An Interview with Ms. Dawn Rosarius
Earlier this year, Dawn Rosarius was officially named to the Senior Executive Service and became the U.S. Army Medical Research and Materiel Command's Principal Assistant for Acquisition, overseeing program management and acquisition strategies for the command's medical product development and procurement programs. Having served on Fort Detrick for the past 25 years, Rosarius knows the USAMRMC, and the Army post, quite well.
With a background in engineering and technology management, Rosarius' resume is heavy in program management and analytics. Her leadership roles within the USAMRMC include serving as Director of Materiel Acquisition at the U.S. Army Medical Materiel Agency; Director of Plans, Programs, Analysis and Evaluation, USAMRMC; and Civilian Deputy to the Principal Assistant for Acquisition, USAMRMC. Most recently, Rosarius served as the Acting PAA for USAMRMC, before accepting the role permanently this past January.
As part of its mission to support and sustain the health of our nation's Warfighters, the USAMRMC is tasked with providing effective medical solutions to our military forces as quickly as possible — and Rosarius takes this responsibility very seriously.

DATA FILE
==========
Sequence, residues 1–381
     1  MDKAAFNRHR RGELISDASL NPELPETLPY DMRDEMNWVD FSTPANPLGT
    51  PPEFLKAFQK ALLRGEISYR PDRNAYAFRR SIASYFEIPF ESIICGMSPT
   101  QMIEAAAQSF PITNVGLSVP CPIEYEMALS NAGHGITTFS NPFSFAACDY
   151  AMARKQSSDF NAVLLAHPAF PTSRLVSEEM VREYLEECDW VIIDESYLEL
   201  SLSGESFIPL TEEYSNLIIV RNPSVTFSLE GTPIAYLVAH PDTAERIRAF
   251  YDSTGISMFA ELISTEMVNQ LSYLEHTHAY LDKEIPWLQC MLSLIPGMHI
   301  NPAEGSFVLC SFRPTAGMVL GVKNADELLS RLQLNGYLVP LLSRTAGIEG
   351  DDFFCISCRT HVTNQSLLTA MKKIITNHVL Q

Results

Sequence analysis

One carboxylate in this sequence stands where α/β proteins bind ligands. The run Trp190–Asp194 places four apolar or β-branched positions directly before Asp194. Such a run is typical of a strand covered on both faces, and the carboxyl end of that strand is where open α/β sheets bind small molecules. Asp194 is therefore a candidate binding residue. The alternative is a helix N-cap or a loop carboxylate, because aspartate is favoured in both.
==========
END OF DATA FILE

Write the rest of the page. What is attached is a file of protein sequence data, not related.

"We are all here for a greater purpose, a noble mission — to serve the Army and take care of our Warfighters, and our teams," said Rosarius, during her recent promotion ceremony.
Her sincerity speaks volumes, and her history with the USAMRMC is well known and respected. In light of this, our meeting prior to her recent promotion ceremony was very enlightening, as she provided a great deal of insight regarding her new role, her goals for the future, and the changes that lie ahead for the USAMRMC and Army Medicine. Although the mission may stay the same, the way the command accomplishes this task will likely change.
JS: Can you please tell me your thoughts on being named to the Senior Executive Service, and on your new PAA role?